I don’t usually share too much about my kids. That is not what this blog is about. Yet last night I had a moment… My oldest, who just turned 17 and is nearly grown and flown has started blacksmithing classes. Yesterday was his second session. These sessions are 3 or more hours long. He is SOOOO excited. Here is a picture of him his first time. Normally, I don’t share pics of my kiddos, but this was just so wonderful. Yesterday, I picked him up from his second session. I walked into the workshop (they apparently don’t call it a forge) and he and his teacher were the only ones still there. So I walked up behind him while they were looking at some hand outs and I lay my head on my son’s shoulder. (he just gained the last bit in meeting my height) anyway, his teacher who is always calm, happy and joyful greeted me and Iain said hi. We continued talking for a bit and my son moved away towards the door and smiled. I realized in that moment that he was just “happy”. Happy in a way I had not seen in a while. He is a positive kid, but he is in his junior year and as I have blogged, we are having our issues with school etc…. To see him so happy without any stress or baggage. It was powerful. I have been thinking about it all day.
It’s why I spin. I am so very glad that my son has found his happy place. The thing that feeds his soul. That place he can go and just create and leave the world behind for a few hours. I feel that way when I am deep into my spinning. My ideas are whirling in my head like a river, my hands are drafting and my feet are treadling. I can forget all the cares and concerns that bog me down. I can stop being the adult for a minute and just play with the fiber and wonder “what if I?”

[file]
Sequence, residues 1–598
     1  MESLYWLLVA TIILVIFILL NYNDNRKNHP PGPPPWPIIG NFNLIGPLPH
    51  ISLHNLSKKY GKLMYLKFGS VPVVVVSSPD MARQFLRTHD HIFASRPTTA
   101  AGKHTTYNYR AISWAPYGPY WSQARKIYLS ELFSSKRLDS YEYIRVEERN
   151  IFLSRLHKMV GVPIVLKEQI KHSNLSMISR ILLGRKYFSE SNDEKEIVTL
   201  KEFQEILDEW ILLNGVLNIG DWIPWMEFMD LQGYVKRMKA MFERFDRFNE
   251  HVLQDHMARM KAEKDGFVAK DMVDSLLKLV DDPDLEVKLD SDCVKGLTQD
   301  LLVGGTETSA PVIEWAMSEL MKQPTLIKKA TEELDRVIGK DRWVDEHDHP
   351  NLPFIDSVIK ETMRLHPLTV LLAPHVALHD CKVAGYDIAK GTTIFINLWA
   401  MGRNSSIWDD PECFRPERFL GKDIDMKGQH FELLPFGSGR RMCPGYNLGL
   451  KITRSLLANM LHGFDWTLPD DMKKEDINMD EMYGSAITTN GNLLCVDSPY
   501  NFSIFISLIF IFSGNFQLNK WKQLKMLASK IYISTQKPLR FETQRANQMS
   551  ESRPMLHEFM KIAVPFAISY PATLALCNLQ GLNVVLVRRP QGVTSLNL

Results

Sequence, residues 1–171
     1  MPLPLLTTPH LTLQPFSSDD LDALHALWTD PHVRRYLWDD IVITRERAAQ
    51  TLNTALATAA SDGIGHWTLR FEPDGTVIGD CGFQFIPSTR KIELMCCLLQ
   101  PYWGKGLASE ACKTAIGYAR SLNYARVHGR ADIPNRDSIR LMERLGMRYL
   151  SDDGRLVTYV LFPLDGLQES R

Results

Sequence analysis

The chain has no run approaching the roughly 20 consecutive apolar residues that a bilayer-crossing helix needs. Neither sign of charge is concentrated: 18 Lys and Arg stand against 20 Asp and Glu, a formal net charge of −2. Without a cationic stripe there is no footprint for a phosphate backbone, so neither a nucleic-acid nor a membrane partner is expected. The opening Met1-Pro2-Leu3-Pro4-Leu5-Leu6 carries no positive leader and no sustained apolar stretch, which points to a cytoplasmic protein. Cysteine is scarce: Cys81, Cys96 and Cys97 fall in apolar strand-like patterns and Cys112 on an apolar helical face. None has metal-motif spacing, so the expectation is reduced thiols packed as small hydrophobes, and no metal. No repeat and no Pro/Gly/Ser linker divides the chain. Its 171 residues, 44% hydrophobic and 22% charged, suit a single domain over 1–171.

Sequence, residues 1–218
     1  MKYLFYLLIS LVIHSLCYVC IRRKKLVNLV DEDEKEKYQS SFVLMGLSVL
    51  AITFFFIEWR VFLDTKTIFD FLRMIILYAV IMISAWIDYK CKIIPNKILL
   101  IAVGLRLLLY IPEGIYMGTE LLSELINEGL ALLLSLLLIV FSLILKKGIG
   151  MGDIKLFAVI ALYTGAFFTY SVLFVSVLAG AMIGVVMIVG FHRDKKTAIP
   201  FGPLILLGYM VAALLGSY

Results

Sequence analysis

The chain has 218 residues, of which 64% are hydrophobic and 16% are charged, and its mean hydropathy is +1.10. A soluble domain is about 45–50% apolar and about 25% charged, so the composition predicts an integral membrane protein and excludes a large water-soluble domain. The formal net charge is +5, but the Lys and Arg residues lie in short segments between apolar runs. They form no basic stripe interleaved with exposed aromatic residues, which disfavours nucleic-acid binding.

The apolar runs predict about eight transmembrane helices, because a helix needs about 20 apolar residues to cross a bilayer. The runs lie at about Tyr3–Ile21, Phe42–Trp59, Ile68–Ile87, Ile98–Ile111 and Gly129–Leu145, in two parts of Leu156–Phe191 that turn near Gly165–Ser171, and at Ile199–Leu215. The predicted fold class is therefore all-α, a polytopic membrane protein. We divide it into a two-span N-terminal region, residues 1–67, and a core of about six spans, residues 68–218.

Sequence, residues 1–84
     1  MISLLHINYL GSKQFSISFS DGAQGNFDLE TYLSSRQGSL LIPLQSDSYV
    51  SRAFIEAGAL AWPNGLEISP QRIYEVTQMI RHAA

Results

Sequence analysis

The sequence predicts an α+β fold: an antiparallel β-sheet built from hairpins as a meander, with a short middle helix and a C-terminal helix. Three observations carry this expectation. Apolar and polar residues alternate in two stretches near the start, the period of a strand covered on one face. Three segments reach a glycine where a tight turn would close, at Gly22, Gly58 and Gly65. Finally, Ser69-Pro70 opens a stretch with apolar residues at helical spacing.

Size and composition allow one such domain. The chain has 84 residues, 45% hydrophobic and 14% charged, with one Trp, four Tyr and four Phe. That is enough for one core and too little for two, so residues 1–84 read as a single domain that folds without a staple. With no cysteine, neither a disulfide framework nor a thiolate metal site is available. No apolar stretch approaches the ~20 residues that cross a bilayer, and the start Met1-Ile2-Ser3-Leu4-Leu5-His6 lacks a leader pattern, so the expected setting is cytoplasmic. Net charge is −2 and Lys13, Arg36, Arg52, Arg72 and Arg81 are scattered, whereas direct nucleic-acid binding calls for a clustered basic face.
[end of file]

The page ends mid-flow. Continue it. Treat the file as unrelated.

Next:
I finished my boneyard-ish shawl. (Based on the Boneyard shawl pattern by Steven West) It turned out great. It’s heavier than mine and maybe heavier than my husbands, but I don’t wear his enough to have a good comparison. My original shawl is superwash Merino, nylon and bamboo. this shawl is 50% Alpaca, 40% wool (combination of Merino and CVM) and 10% Bombyx silk. It does not have the same number of stripes as the other two I knit. I ended up playing chicken with the yarn ball at the end. Knowing that I did not have enough for a full 12 rows and 3 garter rows at bind off, I made the decision to just start garter rows (now the original pattern makes more sense) I think I did about 5 garter rows before binding off.
I dyed with snake weed on Monday. I wanted to see if I could get the green my friend Ric always gets from it. I only had a small amount so I only used one of my CVM Skeins. I simmered the dried dye stuff in water for about an hour and then I added the skien. I simmered that in the dye for about an hour and then I made a 2% iron solution (to dry weight of the skein) and took the skein out and added the iron to the dye pot, then I put the skein back in and simmered that. It was not as green as I wanted. I thought about it a bit and then sprinkled a bit more iron(not a ton, think adding spices to soup) into the pot. Within just a few minutes, the skein turned a deeper green. Because Iron can make wool brittle, once I got a color I liked, I removed the skein and allowed it to cool in a bowl for about 10-15 min and then I rinsed it in water of a similar temp. I really liked the color I got.
In the above pic, the top skein is the cota + iron I did over the weekend, the bottom is the snakeweed + iron. as you can see it is more of a sage green with fewer yellow tones. I now know where I can get more snakeweed when it blooms. We camped there this fall and snakeweed was everywhere! So I am planning a visit again to harvest some when It’s in bloom again.